Calls by the United Nations Security Council to isolate North Korea haven’t stopped Kim Jong Un from launching missiles over Japan or threatening America and its allies. This week President Trump told the General Assembly that the United States is prepared “to totally destroy North Korea” in the event of an attack. If the international community is serious about isolating the Kim regime, there’s a less drastic option not yet tried: expel North Korea from the U.N.

Since the U.N.’s founding in 1945, no member state has ever been expelled. The U.N. charter does, however, provide for eviction: “A Member of the United Nations which has persistently violated the Principles in the present Charter may be expelled from the Organization by the General Assembly upon the recommendation of the Security Council.”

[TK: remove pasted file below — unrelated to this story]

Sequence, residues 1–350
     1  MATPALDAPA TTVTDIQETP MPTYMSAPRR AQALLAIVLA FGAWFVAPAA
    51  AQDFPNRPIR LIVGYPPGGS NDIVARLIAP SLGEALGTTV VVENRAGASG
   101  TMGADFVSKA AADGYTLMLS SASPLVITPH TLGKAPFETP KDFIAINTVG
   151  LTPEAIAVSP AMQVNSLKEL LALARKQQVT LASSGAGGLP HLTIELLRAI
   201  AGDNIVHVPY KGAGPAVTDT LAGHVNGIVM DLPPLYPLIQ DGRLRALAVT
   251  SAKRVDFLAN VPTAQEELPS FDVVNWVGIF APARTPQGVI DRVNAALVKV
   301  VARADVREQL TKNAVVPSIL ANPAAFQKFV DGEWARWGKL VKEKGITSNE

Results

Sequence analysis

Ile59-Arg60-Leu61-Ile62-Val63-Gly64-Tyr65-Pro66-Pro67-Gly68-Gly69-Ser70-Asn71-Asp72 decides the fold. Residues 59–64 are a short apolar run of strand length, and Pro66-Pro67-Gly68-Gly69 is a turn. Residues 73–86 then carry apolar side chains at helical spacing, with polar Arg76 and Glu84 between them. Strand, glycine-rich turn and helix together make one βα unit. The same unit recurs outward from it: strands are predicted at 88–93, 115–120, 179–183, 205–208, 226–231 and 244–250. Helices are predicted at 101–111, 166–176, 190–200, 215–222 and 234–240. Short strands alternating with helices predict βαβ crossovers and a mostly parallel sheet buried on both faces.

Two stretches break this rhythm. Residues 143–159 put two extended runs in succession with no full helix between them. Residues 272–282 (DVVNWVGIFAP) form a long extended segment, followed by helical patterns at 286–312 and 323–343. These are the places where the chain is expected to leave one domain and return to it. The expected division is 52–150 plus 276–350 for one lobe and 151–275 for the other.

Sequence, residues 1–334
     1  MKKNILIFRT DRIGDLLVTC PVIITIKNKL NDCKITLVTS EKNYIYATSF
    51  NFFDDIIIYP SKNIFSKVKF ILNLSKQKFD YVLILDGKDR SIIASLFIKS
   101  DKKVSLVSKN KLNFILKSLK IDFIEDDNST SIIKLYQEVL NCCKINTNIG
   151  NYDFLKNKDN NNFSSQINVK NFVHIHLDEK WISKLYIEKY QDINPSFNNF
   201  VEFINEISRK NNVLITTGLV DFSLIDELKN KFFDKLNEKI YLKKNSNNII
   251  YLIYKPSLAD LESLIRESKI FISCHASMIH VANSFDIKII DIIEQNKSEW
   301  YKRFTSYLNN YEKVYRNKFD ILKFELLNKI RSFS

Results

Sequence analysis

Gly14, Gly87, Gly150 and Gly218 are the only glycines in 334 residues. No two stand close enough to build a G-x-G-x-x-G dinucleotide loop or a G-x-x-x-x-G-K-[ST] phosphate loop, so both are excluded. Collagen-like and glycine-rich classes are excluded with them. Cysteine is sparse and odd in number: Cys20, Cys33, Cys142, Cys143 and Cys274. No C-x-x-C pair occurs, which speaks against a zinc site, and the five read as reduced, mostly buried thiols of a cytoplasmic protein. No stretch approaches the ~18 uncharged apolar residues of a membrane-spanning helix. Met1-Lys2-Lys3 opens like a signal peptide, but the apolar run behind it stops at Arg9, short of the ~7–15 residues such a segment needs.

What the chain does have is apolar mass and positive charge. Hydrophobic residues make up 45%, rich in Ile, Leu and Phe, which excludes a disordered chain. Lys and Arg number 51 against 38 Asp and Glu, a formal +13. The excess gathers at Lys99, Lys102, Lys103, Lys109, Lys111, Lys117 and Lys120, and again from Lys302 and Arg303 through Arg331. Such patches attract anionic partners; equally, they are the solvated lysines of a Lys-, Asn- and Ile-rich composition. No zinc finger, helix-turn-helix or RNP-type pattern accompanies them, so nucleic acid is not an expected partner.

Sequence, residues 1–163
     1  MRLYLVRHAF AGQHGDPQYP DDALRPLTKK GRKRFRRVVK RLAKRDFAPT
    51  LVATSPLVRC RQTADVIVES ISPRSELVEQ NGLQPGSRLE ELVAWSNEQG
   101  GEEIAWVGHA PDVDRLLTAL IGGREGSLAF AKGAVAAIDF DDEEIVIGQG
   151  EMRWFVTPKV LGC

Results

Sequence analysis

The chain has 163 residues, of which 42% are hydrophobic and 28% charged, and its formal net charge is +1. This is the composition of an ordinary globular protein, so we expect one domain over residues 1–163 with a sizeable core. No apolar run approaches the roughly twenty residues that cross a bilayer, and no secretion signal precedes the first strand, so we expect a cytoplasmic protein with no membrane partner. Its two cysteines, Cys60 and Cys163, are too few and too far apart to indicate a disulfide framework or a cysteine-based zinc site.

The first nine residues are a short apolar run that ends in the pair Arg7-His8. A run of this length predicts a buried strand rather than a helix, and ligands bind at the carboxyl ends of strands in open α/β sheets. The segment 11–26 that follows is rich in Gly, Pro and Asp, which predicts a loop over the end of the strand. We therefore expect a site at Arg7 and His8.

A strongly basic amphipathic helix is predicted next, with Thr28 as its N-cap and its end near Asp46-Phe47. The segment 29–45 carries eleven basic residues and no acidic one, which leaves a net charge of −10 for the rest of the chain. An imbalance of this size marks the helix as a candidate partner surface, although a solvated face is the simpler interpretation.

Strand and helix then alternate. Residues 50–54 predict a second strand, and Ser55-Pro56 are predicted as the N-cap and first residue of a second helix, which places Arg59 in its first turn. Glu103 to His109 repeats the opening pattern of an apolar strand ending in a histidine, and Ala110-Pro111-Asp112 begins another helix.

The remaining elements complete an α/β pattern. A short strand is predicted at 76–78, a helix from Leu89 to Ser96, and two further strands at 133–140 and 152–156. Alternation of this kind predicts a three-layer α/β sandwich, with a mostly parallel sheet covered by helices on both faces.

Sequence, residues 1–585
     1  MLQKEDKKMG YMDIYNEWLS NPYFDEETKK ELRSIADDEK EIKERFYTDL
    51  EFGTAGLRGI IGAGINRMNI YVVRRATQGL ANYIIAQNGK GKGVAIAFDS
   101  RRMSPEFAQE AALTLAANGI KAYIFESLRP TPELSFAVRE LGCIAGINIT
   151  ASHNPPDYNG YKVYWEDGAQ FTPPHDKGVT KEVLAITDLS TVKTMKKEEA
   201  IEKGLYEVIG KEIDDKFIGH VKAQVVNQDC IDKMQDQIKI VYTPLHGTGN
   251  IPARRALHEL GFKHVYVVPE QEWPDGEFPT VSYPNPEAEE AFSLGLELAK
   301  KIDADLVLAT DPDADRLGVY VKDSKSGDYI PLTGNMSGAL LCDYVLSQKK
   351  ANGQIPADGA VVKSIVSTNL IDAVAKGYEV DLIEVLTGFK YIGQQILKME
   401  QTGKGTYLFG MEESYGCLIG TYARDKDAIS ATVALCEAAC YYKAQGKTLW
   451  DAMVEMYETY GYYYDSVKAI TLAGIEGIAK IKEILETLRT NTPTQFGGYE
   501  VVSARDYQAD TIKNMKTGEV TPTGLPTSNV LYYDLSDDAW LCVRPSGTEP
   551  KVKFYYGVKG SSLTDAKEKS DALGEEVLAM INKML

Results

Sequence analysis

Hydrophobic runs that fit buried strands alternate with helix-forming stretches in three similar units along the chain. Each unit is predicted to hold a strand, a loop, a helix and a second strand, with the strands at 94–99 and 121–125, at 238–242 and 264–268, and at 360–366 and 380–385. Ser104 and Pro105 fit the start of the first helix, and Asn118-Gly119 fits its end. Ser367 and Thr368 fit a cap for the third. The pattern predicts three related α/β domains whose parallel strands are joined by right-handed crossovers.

North Korea never met the U.N. membership requirements to begin with. The charter says membership is open only to “peace-loving states” that promote “respect for human rights and for fundamental freedoms.” North Korea was admitted in tandem with South Korea on Sept. 17, 1991. At the time, with the Soviet Union in the process of collapse, the rationalization was that finally bringing North Korea into the U.N. fold might induce it to give up its brutal and predatory ways.